Lainey Wilson

Lainey Wilson’s music is by equal measures richly textured and forthright – much like her honeyed Louisiana drawl, which is as likely to offer you a warm word of encouragement as it is to call you on your bullshit. Signed to BBR Music Group’s flagship imprint, Broken Bow Records, Wilson has spent years honing her song craft and developing her own “bell bottom country” sound, which is unapologetic, gritty, free-spirited, and exemplary of both her personality and her preferred fashion aesthetic.

Her songs and live performances are anchored in straightforward, raw emotion that doesn’t beat around the bush about who Lainey Wilson is – either as a person or an artist. NPR’s Jewly Hight calls Wilson “unabashedly down-home and unflappably worldly,” noting that “with a pronounced drawl and sweetened sting, [she sings] of willful recklessness, wielding the power of damaging secrets and feeling empowered by allowing herself outbursts of irreverence.” It’s these sensibilities that continue to draw listeners to Wilson’s music and led CMT to proclaim her one of their “Next Women of Country” for 2019. She’s a blue-collar daughter filled with ambition, humility, and perseverance; the value of an honest day’s work having been ingrained in her from the moment she could walk.

Hailing from the rural farming community of Baskin, Louisiana (pop. 300), where her family has tilled the land for five generations, Wilson cultivated her tenacious work ethic just as her family cultivated corn, wheat, soybeans, oats, and more. She learned that daily chores on the farm were a family affair, and every member had to do their part.

Music was also a family affair. Wilson’s father played guitar, her mother loved to dance, and her grandparents often took her to bluegrass festivals. She wrote her first song at age nine, and her dad taught her how to play guitar at age 11. Wilson’s love for writing and performing continued to grow as she booked herself gigs throughout high school, even working for a stint as a Hannah Montana impersonator performing at children’s birthday parties and events – with Lainey Wilson the artist opening for Montana, of course.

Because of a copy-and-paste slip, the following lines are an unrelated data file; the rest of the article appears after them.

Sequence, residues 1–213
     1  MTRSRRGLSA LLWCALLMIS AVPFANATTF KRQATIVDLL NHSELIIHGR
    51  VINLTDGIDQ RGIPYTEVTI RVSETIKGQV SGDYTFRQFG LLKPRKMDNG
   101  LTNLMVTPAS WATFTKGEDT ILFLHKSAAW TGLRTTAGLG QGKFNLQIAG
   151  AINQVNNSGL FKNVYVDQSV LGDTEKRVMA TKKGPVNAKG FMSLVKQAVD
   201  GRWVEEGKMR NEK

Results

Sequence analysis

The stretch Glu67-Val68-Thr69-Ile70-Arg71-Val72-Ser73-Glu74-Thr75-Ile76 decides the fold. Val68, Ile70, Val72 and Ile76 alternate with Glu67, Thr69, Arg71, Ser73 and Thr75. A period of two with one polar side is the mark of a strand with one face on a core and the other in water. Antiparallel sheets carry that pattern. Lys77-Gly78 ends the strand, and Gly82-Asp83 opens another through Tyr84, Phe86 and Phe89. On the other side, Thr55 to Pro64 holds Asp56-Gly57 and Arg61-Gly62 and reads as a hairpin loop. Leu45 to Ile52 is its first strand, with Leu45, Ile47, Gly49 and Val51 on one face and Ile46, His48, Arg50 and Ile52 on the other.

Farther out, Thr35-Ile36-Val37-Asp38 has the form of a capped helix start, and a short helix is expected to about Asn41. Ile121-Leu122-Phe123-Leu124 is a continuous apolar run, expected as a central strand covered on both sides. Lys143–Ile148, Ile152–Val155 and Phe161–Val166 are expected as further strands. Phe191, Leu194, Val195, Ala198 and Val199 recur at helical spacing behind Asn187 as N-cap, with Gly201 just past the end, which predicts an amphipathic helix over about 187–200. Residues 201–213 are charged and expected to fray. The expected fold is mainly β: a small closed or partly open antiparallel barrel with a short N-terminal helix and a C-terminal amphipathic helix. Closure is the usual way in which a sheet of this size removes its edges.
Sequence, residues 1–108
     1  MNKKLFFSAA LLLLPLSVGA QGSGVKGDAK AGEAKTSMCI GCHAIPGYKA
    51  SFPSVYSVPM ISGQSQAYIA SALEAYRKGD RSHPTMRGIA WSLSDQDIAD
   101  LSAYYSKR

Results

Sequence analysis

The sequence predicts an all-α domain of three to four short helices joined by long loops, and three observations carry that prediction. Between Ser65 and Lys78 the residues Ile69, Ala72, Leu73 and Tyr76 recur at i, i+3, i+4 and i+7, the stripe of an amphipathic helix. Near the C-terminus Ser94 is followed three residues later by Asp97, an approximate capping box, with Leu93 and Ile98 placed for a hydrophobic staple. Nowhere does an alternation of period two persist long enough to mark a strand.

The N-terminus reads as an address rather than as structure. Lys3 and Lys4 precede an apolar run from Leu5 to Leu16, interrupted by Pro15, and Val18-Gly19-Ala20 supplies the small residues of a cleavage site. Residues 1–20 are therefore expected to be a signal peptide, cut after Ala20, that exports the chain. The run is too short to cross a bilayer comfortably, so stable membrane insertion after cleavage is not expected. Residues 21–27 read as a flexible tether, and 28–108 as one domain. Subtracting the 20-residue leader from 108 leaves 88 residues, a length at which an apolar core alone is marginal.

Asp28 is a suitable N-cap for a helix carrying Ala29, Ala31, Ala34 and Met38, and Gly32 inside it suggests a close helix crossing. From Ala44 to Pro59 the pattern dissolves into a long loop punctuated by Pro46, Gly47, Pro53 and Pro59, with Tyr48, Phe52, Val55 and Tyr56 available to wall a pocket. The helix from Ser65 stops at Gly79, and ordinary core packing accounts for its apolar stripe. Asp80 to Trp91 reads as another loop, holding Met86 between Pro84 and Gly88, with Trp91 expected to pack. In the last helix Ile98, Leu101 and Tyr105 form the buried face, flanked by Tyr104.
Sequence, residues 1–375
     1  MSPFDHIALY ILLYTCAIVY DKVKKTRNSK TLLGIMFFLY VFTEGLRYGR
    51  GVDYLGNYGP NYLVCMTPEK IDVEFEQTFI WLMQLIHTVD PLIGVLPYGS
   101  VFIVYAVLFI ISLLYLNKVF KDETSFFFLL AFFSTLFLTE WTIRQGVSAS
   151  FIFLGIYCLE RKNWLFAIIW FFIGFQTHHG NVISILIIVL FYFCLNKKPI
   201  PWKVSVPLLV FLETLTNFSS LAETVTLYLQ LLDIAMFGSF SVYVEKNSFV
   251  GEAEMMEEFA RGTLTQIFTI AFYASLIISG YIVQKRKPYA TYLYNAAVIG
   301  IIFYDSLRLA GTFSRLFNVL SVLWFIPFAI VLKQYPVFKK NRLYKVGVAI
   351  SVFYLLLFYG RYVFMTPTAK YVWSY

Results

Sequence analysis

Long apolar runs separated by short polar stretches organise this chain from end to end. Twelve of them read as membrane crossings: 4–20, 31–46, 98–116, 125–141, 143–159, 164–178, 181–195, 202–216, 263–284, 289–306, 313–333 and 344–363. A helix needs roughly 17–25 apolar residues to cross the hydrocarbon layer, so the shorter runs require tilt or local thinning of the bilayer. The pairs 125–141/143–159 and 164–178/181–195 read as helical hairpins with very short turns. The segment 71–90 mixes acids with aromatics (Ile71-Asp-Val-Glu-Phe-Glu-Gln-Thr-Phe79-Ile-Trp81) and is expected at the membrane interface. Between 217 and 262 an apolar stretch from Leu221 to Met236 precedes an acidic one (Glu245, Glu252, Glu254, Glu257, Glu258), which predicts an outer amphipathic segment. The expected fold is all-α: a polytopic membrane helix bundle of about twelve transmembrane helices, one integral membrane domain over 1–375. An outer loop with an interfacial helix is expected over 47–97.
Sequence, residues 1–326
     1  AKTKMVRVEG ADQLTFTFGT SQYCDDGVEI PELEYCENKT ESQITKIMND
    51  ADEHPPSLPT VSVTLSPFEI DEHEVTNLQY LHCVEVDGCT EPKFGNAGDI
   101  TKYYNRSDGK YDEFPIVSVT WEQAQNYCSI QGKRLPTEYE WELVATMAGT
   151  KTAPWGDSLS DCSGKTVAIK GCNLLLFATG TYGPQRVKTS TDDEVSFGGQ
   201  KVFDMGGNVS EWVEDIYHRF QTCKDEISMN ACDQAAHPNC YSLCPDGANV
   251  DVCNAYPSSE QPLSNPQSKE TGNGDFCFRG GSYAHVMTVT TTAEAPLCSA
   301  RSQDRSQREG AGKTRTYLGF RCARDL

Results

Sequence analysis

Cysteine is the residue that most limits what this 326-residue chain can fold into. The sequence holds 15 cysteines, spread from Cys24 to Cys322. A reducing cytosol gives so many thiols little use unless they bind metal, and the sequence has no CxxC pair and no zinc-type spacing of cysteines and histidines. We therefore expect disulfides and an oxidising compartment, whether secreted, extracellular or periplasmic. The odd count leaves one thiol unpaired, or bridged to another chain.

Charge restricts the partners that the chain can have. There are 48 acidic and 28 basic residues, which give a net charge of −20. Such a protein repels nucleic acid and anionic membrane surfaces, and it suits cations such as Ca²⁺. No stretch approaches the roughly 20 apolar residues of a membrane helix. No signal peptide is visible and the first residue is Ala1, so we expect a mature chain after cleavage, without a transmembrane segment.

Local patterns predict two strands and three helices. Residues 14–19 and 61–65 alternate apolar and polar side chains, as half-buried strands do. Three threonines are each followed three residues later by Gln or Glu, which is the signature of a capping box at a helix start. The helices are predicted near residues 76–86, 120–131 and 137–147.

It wasn’t long until Wilson moved to Nashville to pursue her dream of making music, with little more to her name than that dream and a Flagstaff bumper-pull travel trailer. She lived in that camper outside of a longtime family friend’s recording studio for three years. It was during this time that Wilson began to make inroads with Nashville’s tight-knit songwriting community, forging invaluable creative relationships with other up-and-coming songwriters in town and steadily developing her own voice as both a writer and an artist.

“My songs are a part of who I am. As my artistry has grown, it’s just kind of taught me not to be ashamed of who I am. To love everything about my life – even the harder parts – because all those things make me who I am. And that’s true for everybody,” she says. “We never want to go through the hard times, but I’m thankful for the ones I’ve had. I’ve gotten the songs I have from those experiences, and I’ve found that the more vulnerable I am and the more truthful I am, whether it is funny or sad or whatever — the more I am myself, the more people will honestly connect with me and my music.”

Wilson’s determined openness and salt-of-the-earth upbringing has prepared her well for the year ahead. She is starting 2019 with a supporting slot on chart-topping artist Morgan Wallen’s If I Know Me Tour before going in-studio to record her first project for Broken Bow Records. The year ahead may be full of early mornings, late nights, and many more firsts for the charismatic singer/songwriter, but Wilson remains undaunted – energized, even – by the long days ahead of her.

“Where I come from, there are years when you get a plentiful crop. Then there are years when you get too much rain, or not enough. Either way, you still have to get up every morning at the crack of dawn to take care of your crops. It’s the same with music,” she says. “We get up every single day and we work toward that good crop, no matter how hard. And we do what it takes, because it’s in our blood, and we don’t know any other way.”